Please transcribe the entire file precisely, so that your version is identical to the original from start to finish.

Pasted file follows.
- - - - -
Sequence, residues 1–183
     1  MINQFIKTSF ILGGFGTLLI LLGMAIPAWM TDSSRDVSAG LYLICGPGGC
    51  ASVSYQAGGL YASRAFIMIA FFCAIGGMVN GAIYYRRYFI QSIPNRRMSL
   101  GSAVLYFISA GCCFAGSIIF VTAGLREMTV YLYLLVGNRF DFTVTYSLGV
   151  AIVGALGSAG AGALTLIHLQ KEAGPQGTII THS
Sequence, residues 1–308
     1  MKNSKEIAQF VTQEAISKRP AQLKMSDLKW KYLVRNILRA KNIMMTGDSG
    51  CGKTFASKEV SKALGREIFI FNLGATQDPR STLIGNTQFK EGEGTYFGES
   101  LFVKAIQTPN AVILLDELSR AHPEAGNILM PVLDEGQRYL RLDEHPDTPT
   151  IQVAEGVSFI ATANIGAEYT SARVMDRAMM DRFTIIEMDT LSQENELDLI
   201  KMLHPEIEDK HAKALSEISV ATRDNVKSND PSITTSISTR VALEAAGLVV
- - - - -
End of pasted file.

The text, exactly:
Sequence, residues 1–183
     1  MINQFIKTSF ILGGFGTLLI LLGMAIPAWM TDSSRDVSAG LYLICGPGGC
    51  ASVSYQAGGL YASRAFIMIA FFCAIGGMVN GAIYYRRYFI QSIPNRRMSL
   101  GSAVLYFISA GCCFAGSIIF VTAGLREMTV YLYLLVGNRF DFTVTYSLGV
   151  AIVGALGSAG AGALTLIHLQ KEAGPQGTII THS
Sequence, residues 1–308
     1  MKNSKEIAQF VTQEAISKRP AQLKMSDLKW KYLVRNILRA KNIMMTGDSG
    51  CGKTFASKEV SKALGREIFI FNLGATQDPR STLIGNTQFK EGEGTYFGES
   101  LFVKAIQTPN AVILLDELSR AHPEAGNILM PVLDEGQRYL RLDEHPDTPT
   151  IQVAEGVSFI ATANIGAEYT SARVMDRAMM DRFTIIEMDT LSQENELDLI
   201  KMLHPEIEDK HAKALSEISV ATRDNVKSND PSITTSISTR VALEAAGLVV